Gender, Development and Transnational Feminism
Edited by Ann Oberhauser, Ibipo Johnston-Anumonwo
To Be Published December 30th 2013 by Routledge – 304 pages
Recent feminist scholarship in development studies has produced new theoretical frameworks, methodologies, and empirical analyses of how women, gender, and feminism are situated within and affect the development process. Transnational feminism in particular offers an innovative approach to understanding the connections between diverse geographical contexts and social relations that intersect with globalization, gendered inequities, livelihoods, and activism.
Gender, Development and Transnational Feminism draws upon theoretical and empirical research to examine how women negotiate and contest gendered political, economic, and social forces in various geographical contexts and regions. Part I explores feminist perspectives on neoliberal globalizationto highlight conceptual issues surrounding public and private provision of services in the context of neoliberal economic and political processes. Part II offers a conceptual synthesis of research methodologies used in gender and development studies with an emphasis on applied aspects of feminist methodologies. Part III examines resources and the environment to explore how environmental disasters, threats and recovery efforts are gendered.Studies from different world regions illustrate the relevance of transnational feminist analyses in mitigating environmental and disaster impacts. Finally, Part IV analyzes gendered mobility and social movements that are linked to global economic, cultural, and political forces. The chapters illustrate how gender roles and power relations in the household and community can be transformed by women’s agency, transnational struggles, and grassroots organizations, while emphasizing human rights and gender equity.
This timely volume provides global case studies and cross-national comparisons to illustrate how the relationship between gender and development traverses multiple scales, and how transnational feminism enriches the field of gender and development. It presents innovative ways to dismantle oppression, enact agency in ways to empower, and challenge hegemonic discourses of globalization and development that support patriarchal and hierarchical patterns of power. This volume will appeal to a broad audience interested in Geography, International Relations, Development Studies and Women’s and Gender Studies.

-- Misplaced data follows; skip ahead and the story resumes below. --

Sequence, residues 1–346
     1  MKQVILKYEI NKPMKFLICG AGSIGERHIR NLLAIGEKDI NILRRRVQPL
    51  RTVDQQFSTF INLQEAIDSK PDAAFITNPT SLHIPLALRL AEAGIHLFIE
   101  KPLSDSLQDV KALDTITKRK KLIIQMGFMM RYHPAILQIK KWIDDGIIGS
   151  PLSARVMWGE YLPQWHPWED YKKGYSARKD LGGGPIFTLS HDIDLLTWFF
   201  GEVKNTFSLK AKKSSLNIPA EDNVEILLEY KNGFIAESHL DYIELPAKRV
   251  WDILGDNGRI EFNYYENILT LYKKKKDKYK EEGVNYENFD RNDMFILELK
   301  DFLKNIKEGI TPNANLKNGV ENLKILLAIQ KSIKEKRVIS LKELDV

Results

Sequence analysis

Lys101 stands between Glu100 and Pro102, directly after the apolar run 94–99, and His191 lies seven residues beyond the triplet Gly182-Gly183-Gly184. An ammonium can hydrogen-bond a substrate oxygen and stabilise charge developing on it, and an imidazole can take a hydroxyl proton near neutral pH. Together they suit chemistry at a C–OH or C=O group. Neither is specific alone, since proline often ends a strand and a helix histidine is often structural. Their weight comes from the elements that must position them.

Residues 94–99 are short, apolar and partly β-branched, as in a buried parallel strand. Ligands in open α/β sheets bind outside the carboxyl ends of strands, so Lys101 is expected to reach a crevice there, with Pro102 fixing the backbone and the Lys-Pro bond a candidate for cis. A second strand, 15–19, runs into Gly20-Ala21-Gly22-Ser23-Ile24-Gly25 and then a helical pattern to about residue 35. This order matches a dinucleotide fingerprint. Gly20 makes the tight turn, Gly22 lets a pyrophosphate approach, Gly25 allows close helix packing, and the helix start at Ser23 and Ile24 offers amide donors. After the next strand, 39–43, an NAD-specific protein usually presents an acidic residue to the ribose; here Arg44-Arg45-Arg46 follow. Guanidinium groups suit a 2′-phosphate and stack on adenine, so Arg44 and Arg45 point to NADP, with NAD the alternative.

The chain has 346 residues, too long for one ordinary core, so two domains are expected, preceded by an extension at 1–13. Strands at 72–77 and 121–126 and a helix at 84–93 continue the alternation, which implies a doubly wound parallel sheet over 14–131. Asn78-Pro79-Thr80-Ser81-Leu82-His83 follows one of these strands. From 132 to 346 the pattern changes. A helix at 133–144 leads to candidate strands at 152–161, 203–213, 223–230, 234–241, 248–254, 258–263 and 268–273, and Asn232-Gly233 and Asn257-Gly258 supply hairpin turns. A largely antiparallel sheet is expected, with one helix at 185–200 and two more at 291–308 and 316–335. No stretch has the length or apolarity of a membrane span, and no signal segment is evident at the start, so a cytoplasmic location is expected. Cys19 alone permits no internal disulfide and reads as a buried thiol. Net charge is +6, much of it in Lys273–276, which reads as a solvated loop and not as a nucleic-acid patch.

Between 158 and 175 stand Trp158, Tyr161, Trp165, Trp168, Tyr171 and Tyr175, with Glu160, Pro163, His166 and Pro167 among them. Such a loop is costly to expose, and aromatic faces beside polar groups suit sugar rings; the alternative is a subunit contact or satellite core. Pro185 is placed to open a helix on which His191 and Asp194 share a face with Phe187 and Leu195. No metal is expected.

1. Introduction Ibipo Johnston-Anumonwo and Ann Oberhauser Part I: Feminist Perspectives on Neoliberal Globalization 2. Commercialization of Toilets in Nairobi: Gender Equity and Provision of Public Sanitation Services Jeremia Njeru and Ibipo Johnston-Anumonwo 3. Out of the Kitchen’: Gender, Empowerment, and Microfinance Programs in the Global South Seela Aladuwaka and Ann Oberhauser 4. Neoliberalism, Gender and Economic Restructuring in Jamaica Beverley Mullings 5. Stuck in a Groove? Examining Global Anti-Sex Trafficking Initiatives Vidya Samarasinghe Part II: Gendering the Field: Feminist Research in Action 6. Encountering Subjects: Feminist Fieldwork and Other Research Actions Ann Oberhauser 7. Methodological Issues and Lessons from the Implementation of Gender and Land Surveys in Sub-Saharan Africa Urmilla Bob and Krista L. Jacobs 8. Gender, Development, and Geospatial Technology: GIS and GPS in Participatory Poverty Studies Ram Alagan and Deborah Naybor Part III: Resources, the Environment, and Gender 9. Gender, Livelihoods and Climate Change in East Africa Edna Wangui 10. Gender Mapping in Post-Disaster Relief and Recovery Following Sri Lanka’s 2004 Tsunami Ram Alagan and Seela Aladuwaka 11. Gender, Conservation, and Development: Ecodevelopment as a Way Forward? Monica Ogra and Ruchi Badola Part IV: Gendered Mobility, Culture and Mobilization 12. Gendered Mobility and Livelihoods among the Elderly in East Africa Gina Porter 13. Examining Sex Preference among Patrilineal and Matrilineal Societies in 21st Century Ghana Muriel Yeboah 14. Mapping African Liberation Heritage from a Feminist Perspective Marla Jaksch 15. Social movements in Peruvian Politics Maureen Hays-Mitchell 16. Women, Social Mobilization and Access to Land in Nicaragua Bradley Wilson and Alanna Markle 17. Conclusion Ann M. Oberhauser and Ibipo Johnston-Anumonwo
Ann M. Oberhauser is Professor of Geography and Director of the Center for Women's Studies, Department of Geology and Geography, West Virginia University, USA.
Ibipo Johnston-Anumonwo is Professor of Geography at State University New York College at Cortland, USA.